Bell's Palsy: A Case Study

Abstract

Bell’s Palsy is a neurological condition involving Cranial Nerve VII characterized by facial drooping and weakness. This is a fictitious case study for educational purposes on Bell’s Palsy involving a 34-year old women, Mrs. S, who was referred to physiotherapy (PT). Patient reported primary complaints of difficulty drinking without spilling on herself or drooling, headache, pain at right jaw, trouble speaking clearly and right eye dryness. Cranial Nerve VII examination findings found right sided facial droop and drooping at the corner of her right eye and right side of her mouth. The PT intervention included education, facial muscle strengthening exercise, eye protection exercises, modalities and acupuncture. Referrals were made to an optometrist and a speech language pathologist. Following PT intervention, Mrs. S increased her facial muscle strength, with a near complete recovery at 6 months, and was discharged from PT. In the future, more high quality research and evidence is needed to support the role of PT in treating Bell’s Palsy. 

Introduction

Bell’s Palsy is an idiopathic condition caused by a dysfunction in Cranial Nerve VII (CN VII), also known as the Facial Nerve[1] . CN VII has motor, sensory and parasympathetic components. CN VII innervates the muscles of facial expression, sensory for taste to the anterior 2/3 of the tongue and parasympathetic innervation to the lacrimal gland (tear duct) and most of the salivary glands. Factors that may increase the risk of Bell’s Palsy are diabetes, high blood pressure, toxins, infections (herpes simplex virus 1 (HSV 1), human immunodeficiency virus (HIV), shingles, chicken pox, Lyme disease, Epstein-Barr) and ischemia[2] [3]. Bell’s Palsy can occur at any age, but it is most common between 15-60 years of age, and is believed to be a possible reaction to a viral infection that causes inflammation and swelling to CN VII[4]. Many studies support the use of corticosteroids and eye care to improve the symptoms of Bell’s Palsy[5][6]. However, the evidence supporting PT treatment is less conclusive. There is some evidence that facial muscle exercises can decrease the recovery time but there is a lack of high-quality evidence[6]

This case study describes a patient with Bell’s Palsy who presents with moderate-severe symptoms of facial drooping and weakness on the right side leading to difficulties with drinking, speaking and controlling the muscles of facial expression. This report aims to describe methods for testing and managing Bell’s Palsy and help physiotherapist create a treatment plan in the absence of high-quality evidence.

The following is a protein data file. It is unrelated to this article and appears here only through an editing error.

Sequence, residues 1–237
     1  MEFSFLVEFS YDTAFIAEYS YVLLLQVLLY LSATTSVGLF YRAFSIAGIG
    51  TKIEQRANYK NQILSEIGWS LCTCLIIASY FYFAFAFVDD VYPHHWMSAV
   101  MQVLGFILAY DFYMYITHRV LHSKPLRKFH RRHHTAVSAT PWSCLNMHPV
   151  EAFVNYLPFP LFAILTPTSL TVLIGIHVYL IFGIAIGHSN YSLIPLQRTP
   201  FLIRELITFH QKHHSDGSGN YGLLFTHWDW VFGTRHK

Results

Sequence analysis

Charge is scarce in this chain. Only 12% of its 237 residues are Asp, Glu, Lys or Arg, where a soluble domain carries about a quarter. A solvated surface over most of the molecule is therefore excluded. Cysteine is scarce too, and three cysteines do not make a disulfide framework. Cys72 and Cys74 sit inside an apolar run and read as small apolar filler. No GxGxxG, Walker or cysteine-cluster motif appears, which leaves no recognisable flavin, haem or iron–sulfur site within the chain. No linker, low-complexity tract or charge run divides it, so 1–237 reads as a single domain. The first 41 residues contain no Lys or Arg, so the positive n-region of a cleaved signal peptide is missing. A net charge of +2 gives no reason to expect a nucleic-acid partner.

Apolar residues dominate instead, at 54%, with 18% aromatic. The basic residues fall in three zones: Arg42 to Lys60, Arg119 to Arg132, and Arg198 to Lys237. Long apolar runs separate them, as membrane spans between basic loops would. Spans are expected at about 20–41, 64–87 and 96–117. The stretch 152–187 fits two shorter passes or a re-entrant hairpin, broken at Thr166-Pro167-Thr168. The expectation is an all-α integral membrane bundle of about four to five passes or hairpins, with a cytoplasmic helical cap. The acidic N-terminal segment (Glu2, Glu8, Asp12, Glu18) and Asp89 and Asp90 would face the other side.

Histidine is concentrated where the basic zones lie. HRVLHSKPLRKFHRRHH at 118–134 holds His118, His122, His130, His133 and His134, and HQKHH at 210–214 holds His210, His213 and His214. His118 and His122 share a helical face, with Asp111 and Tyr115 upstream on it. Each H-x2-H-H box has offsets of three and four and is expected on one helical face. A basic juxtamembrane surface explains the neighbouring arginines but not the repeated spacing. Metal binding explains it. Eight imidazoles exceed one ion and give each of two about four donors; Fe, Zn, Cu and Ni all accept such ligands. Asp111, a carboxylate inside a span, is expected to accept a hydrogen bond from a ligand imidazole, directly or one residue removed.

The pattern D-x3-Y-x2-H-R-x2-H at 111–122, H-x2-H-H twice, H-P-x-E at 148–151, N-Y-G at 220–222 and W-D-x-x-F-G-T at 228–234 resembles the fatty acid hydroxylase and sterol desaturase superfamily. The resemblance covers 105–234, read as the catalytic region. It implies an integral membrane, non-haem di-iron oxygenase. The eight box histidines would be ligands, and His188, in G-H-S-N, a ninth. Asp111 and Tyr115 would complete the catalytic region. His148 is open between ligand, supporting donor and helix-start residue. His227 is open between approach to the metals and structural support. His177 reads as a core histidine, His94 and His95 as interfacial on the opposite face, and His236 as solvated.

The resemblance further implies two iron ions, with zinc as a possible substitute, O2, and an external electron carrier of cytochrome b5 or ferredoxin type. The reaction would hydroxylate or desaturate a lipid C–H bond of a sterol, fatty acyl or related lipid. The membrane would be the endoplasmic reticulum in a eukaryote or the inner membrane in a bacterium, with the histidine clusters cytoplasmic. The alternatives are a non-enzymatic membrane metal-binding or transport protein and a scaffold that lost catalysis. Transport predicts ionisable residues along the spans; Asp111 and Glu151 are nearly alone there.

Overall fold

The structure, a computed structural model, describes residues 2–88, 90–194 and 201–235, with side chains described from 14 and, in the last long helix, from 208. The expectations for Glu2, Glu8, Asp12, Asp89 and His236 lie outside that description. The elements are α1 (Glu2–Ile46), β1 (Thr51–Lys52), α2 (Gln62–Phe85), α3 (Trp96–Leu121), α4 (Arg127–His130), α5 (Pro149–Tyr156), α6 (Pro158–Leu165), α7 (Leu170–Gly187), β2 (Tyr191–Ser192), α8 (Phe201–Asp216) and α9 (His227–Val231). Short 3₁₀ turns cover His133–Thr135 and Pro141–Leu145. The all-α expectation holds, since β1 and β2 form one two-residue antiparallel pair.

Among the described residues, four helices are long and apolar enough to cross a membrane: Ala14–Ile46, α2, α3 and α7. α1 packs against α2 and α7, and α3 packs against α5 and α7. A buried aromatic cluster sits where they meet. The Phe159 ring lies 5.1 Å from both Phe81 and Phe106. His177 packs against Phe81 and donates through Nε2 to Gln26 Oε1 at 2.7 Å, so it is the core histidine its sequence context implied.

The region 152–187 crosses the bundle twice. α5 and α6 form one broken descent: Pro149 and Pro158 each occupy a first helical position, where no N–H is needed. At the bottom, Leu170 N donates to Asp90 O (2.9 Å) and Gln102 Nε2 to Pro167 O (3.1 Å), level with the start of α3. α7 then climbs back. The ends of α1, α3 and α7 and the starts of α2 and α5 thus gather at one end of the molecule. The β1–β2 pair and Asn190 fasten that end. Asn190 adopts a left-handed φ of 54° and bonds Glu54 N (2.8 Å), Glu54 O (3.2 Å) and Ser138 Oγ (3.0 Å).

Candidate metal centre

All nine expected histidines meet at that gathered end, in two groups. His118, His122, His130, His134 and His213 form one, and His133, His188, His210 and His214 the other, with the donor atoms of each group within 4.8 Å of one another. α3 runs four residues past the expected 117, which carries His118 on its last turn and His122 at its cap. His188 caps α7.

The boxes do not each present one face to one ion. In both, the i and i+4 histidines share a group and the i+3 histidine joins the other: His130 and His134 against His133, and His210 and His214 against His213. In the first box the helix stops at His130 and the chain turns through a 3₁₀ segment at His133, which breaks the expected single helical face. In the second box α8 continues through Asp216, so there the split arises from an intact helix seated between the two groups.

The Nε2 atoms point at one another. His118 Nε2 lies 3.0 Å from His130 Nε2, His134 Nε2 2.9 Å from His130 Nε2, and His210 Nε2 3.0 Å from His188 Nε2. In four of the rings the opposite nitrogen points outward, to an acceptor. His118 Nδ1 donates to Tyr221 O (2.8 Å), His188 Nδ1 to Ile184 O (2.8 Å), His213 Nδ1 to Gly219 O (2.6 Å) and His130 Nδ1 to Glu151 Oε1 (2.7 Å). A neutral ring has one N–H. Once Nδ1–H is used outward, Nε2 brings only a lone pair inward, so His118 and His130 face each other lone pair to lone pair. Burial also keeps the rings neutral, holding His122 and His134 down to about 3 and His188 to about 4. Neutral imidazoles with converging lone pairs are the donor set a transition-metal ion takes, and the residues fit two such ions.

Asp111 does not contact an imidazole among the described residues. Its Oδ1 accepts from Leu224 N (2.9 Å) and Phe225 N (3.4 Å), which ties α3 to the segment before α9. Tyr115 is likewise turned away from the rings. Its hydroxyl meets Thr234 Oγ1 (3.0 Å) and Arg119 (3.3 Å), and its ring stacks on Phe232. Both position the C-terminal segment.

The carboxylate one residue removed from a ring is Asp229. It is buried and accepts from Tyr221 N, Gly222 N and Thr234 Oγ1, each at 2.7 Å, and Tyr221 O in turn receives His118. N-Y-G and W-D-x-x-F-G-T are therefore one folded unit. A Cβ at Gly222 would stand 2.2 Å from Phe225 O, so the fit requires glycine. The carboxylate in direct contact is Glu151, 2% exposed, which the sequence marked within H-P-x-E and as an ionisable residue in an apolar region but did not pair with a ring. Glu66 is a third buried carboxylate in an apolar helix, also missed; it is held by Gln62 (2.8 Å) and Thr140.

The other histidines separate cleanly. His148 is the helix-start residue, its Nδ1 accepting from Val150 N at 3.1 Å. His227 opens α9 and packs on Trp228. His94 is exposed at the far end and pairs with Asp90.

Client Characteristics

Mrs. S is a 34 year old female who works as a secretary at a law firm and spends 80% of the day sitting in front of a computer screen. She is a mother of a 5-year old daughter and her husband works as a fireman. She was taken to the hospital after her husband thought she was having a stroke due to a right-sided facial droop. The doctors ruled out stroke as a possible option and diagnosed her with Bell’s Palsy. A positive HSV1 test and a previous diagnosis of high blood pressure and diabetes helped establish the diagnosis[7][8]. Mrs. S was prescribed corticosteroids to reduce inflammation and swelling as well as ibuprofen for pain as needed[9][10]. The doctor recommended PT for her right sided facial weakness. As a result of her symptoms, Mrs. S complains of trouble with speaking and drinking. Eye dryness has also made it difficult for her to look at a computer screen for extended periods of time.      

Examination Findings

Subjective
  • Patient Profile: 34 y/o female.
  • Present Illness: Patient presented to the hospital two days ago with facial drooping on the right side. Upon examination she was given a diagnosis of Bell’s Palsy which may be linked to a positive HSV1 test [11]. A diagnostic electromyography (EMG) test of the facial muscles confirmed the diagnosis[12][13].
  • Past Medical History: Type 2 diabetes and hypertension.
  • Medications: Thiazide diuretics[14], metformin [15], corticosteroids.
  • Health Habits: Non-smoker, three glasses of wine per week.
  • Social History: Works as a secretary at a local law firm. Lives with her husband who is employed as fireman, and one daughter in a 2-story home.
  • Patient complaints: Complains of difficulty drinking without spilling on herself and drooling, headache and pain at back of right jaw. She also reports trouble speaking clearly, which makes it difficult to speak to clients on the phone at work. Complains of dry right eye that worsens over the workday while looking at a computer screen[12].